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Shelton v. Lemmon

Court of Civil Appeals of Texas, Amarillo
Jan 21, 1925
268 S.W. 177 (Tex. Civ. App. 1925)


No. 2384.

December 17, 1924. Rehearing Denied January 21, 1925.

Appeal from District Court, Lubbock County; Clark M. Mullican, Judge.

Action by J. E. Shelton and another against G. W. Lemmon and another. Judgment for defendants, and plaintiffs appeal. Affirmed.

G. E. Lockhart, of Tahoka, for appellants.

Wilson Douglas and Vickers Campbell, all of Lubbock, for appellees.

This suit was instituted by J. E. Shelton and W. G. Cook, plaintiffs, against G. W. Lemmon and T. B. Duggan, defendants, in the district court of Lubbock county, Tex.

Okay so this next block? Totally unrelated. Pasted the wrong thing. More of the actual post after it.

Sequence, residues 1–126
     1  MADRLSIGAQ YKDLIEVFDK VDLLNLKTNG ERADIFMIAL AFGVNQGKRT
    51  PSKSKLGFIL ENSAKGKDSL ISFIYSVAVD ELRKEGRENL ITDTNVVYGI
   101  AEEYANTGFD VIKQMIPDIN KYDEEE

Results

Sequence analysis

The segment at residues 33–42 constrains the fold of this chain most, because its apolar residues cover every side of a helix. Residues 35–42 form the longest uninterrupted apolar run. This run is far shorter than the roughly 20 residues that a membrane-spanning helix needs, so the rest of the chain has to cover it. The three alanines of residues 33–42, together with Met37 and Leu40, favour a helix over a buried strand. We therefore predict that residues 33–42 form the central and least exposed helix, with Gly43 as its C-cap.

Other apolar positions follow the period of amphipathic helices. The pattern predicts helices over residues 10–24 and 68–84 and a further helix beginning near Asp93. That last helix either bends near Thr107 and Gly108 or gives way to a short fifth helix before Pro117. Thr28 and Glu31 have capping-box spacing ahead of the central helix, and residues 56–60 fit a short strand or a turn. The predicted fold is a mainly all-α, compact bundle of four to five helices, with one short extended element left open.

Plaintiffs allege as their cause of action that, at all the times covering the transaction in controversy, they were real estate brokers, engaged in selling land and receiving commission for their services; that about August 1, 1920, the defendant G. W. Lemmon was the owner of three leagues of land in Cochran county, Tex., and listed it with plaintiffs for sale, giving to them the exclusive agency, and agreed to pay plaintiffs 5 per cent. commission if they procured a purchaser; that, at the time of listing said property, it was also agreed that, if plaintiffs could procure an exchange satisfactory to defendant Lemmon, plaintiffs were to receive 2 1/2 per cent. commission from said owner; that plaintiffs at once began efforts to secure a purchaser; that, very shortly after the property was listed with them, they made an agreement with the defendant T. B. Duggan, whereby he became the subagent of the plaintiffs, and agreed to pay plaintiffs one-half of all commissions he received in the event he could sell or exchange the property; that on the 11th day of March, 1921, the defendant G. W. Lemmon canceled the listing contract he had with the plaintiffs, but plaintiffs alleged that before their said listing contract had been canceled, the defendant T. B. Duggan, as their subagent, had begun negotiations for the exchange of said three leagues of land, which resulted in the exchange and sale of said land by the defendant G. W. Lemmon to Mrs. J. E. Vickers and R. M. and J. W. Jarrott; that for this sale and exchange G. W. Lemmon paid to T. B. Duggan the sum of $2,608, and that Mrs. Vickers and the Jarrott brothers paid him an equal sum; that, by reason of the original listing with plaintiffs and the sublisting to T. B. Duggan by plaintiffs, and the sale and exchange of said lands brought about by the defendant Duggan, the plaintiffs became entitled to one-half of all the commission earned and paid in connection with said transaction.